Unless you get to > 10^7 of rows, your database engine should do just fine, so given your numbers, there's nothing wrong with the regular approach that you suggest. Even if and when you do get there, a stronger server (scale-up) and a good DBA can help you scale further.
In fact, the alternative that you suggest is far worse - you probably won't be able to index your availability column properly, which means that queries by date will be excruciatingly slow!
For example, you'll probably want to run a query like: SELECT hotel_id FROM hotel_avail WHERE avaliable = TRUE AND avail_date = '2011-04-01'; You need an index on the date column for that to run fast.
On top of that, rolling your own availability and mask scheme adds to the complexity of your system. It'll be harder to understand and maintain your code that does the "availability magic". Believe me, I've been there - it may look pretty initially, but after a while you can't remember yourself how those tricks of yours are supposed to work and it becomes a nightmare.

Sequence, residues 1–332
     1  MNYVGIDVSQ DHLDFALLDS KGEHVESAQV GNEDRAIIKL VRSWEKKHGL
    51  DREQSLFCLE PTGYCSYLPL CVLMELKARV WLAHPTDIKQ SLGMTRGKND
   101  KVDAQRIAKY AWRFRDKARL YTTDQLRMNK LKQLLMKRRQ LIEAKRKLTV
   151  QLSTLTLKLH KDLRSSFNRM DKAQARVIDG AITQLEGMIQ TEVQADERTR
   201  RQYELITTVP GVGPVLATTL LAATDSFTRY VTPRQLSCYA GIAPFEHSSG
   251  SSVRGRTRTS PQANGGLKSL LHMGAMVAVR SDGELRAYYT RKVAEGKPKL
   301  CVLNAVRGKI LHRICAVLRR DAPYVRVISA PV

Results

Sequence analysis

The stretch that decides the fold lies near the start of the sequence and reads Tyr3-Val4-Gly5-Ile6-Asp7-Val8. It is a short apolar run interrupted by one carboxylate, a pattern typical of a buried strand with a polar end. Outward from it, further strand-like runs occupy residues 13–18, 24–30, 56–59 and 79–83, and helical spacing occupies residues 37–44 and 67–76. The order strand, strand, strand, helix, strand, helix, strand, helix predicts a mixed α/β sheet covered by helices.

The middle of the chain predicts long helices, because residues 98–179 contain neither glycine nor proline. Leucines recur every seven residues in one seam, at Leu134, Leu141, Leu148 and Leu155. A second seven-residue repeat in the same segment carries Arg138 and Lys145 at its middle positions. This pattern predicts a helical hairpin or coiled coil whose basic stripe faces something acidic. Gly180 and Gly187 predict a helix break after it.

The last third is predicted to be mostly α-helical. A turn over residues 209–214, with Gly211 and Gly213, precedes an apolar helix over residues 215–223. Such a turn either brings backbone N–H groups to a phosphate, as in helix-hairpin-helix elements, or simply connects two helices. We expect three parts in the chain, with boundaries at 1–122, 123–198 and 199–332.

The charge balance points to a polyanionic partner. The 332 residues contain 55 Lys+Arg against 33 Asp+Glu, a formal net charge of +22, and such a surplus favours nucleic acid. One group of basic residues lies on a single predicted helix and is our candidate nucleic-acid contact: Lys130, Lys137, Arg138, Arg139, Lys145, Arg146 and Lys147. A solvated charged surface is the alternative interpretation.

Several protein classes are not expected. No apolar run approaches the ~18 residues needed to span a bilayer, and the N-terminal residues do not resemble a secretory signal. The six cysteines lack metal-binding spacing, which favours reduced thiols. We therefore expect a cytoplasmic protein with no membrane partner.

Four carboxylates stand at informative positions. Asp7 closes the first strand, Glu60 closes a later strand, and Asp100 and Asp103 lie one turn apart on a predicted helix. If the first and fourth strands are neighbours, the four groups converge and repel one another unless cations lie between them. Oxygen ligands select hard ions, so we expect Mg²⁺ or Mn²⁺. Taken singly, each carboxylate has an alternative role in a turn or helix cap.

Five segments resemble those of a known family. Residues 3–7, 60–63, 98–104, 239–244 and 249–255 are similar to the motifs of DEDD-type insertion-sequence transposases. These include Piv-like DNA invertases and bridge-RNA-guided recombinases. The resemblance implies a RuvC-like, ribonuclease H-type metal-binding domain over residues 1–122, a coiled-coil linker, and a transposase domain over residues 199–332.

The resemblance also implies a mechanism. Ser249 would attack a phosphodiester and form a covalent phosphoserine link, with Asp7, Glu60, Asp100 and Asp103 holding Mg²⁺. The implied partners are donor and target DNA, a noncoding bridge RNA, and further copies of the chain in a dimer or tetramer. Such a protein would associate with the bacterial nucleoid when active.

Finally, like @mark-tozzi mentioned, premature optimization is a bad idea. Despite all the trash talk that RDBMS's get lately, they usually perform much better than you expect and scale surprisingly well. They also usually to offer the most simple and reliable solution to your problem - 20+ years of development amounts to something.
Where I work we use MS-SQL for a web application that handles billions of transactions per day, with some databases reaching hundreds of millions of rows and terrabytes of storage. We also use NoSQL (Riak, Couch, HBase) - but only where SQL can simply not go. This is not the case with your system.